Vickery, C.G.; Wang, P., and Cheng, J., 2022. Natural and anthropogenic factors controlling circulation at the terminus of a seagrass-covered estuary, Fort DeSoto Bay, West-Central Florida. Journal of Coastal Research, 38(4), 681–698. Coconut Creek (Florida), ISSN 0749-0208.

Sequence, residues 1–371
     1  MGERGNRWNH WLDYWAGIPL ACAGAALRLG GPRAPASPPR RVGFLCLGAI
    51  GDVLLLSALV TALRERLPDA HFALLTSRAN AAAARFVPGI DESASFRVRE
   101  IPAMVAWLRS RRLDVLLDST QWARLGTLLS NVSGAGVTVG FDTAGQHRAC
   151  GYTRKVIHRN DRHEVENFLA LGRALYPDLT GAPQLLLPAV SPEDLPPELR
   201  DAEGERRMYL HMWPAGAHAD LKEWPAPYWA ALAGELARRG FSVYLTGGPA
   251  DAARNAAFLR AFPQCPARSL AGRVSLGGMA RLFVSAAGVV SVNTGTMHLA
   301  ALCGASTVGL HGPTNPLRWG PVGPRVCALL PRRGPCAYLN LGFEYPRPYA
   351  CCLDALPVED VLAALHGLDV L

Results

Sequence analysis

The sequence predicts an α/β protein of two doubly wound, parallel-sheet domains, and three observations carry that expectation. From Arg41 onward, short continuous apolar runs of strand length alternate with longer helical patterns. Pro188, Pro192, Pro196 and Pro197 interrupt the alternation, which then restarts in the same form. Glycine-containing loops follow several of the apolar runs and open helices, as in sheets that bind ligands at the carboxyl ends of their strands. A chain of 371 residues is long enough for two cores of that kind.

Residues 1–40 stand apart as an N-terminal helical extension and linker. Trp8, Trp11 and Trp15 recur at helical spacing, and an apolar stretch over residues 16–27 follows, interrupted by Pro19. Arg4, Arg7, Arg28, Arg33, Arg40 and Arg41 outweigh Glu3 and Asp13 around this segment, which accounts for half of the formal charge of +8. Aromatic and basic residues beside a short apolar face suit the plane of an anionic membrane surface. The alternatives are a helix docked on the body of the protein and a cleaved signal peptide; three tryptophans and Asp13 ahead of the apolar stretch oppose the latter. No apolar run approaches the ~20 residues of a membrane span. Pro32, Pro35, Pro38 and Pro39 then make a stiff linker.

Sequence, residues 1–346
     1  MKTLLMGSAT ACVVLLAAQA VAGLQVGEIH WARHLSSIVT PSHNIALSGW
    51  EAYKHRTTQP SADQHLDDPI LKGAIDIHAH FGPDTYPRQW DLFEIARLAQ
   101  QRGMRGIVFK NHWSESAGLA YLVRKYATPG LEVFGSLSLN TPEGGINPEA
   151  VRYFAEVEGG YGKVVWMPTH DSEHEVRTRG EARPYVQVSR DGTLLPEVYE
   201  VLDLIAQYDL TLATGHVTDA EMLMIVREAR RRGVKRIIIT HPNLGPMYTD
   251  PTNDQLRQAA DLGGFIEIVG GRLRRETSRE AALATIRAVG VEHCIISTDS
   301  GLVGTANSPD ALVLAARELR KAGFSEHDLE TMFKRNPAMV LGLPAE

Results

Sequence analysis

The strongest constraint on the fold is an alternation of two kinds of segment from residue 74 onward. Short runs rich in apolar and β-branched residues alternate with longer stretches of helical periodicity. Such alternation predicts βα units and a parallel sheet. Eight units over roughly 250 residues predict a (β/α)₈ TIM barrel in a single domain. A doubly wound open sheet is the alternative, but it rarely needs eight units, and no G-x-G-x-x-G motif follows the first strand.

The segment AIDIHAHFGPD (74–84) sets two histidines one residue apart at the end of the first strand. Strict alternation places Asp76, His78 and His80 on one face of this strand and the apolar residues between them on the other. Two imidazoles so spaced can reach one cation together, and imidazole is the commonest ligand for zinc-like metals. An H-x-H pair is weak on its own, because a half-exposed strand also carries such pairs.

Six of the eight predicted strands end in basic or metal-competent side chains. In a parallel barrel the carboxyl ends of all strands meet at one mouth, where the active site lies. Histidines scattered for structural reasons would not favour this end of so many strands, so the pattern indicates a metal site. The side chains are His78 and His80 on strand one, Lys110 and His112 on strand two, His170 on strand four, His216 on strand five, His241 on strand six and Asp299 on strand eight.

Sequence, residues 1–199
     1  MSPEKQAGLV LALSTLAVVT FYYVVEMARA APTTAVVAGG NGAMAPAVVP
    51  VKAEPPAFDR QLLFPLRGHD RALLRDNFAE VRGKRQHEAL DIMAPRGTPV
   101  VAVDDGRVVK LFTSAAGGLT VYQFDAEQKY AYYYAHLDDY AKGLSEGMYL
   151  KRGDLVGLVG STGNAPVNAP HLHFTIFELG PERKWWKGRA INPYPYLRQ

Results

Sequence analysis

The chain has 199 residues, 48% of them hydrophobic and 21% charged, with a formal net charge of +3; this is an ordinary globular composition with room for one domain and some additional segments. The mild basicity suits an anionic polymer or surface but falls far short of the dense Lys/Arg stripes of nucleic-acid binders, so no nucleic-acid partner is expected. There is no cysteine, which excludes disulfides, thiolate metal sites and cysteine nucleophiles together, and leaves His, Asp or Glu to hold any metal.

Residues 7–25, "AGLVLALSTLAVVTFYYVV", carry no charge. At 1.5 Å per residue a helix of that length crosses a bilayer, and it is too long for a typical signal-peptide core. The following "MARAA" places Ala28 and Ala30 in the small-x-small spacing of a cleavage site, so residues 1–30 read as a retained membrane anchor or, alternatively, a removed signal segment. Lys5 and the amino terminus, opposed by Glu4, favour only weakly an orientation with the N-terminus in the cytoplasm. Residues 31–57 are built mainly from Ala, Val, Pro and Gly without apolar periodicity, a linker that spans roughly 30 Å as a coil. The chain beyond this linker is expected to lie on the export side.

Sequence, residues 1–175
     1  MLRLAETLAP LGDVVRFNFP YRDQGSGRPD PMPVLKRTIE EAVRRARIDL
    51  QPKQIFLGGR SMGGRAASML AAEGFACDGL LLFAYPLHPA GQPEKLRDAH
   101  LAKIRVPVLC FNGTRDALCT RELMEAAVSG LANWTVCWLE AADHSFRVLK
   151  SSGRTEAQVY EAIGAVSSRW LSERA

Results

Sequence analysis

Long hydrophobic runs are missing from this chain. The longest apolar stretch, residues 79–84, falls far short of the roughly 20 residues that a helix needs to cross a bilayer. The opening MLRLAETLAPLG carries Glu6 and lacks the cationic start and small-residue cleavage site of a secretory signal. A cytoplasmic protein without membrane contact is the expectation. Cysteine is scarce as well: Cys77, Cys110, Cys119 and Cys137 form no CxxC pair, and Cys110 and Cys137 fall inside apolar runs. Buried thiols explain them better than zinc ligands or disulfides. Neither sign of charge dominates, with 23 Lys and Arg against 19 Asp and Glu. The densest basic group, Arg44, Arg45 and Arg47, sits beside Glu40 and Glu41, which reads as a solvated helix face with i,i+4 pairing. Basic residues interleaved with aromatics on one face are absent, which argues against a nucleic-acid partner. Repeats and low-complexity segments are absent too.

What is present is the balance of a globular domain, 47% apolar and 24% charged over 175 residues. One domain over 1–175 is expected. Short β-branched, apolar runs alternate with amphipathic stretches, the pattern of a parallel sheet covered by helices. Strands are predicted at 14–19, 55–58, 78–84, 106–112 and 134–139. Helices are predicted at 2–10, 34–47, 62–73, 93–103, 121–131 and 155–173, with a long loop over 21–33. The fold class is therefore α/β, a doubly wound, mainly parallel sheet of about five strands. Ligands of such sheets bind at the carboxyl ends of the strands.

Causeway construction and channel dredging are common engineering activities in shallow estuaries and can significantly alter natural circulation patterns. Bridges are often installed on causeways to improve circulation. This study examines the influence of dredged channels, causeways, and bridges on circulation patterns within a shallow estuary with dense seagrass beds using a calibrated and verified numerical model. For the case of Fort DeSoto Bay in west-central Florida, the causeways disrupted the natural east-west flow and reduced current velocities within the seagrass beds in the southern terminus portion of the estuary by up to 76%. The tidal bridges increased velocity in the stagnant areas by up to 226%. Up to 26% of the tidal prism in the lower half of the bay passes through the bridges during a spring flood-tidal cycle. Thus, the bridges significantly improved tidal flushing between the estuarine cells divided by causeways. The unvegetated dredged channels serve as efficient conduits that facilitate penetration of tidal currents into the southern and terminus of the bay, leading to significantly higher current velocity in the channels and corresponding reduced velocity over the adjacent seagrass beds. The channels allow for improved tidal flushing within the otherwise stagnant southern terminus of the bay and therefore can be designed for the purpose of improving circulation.

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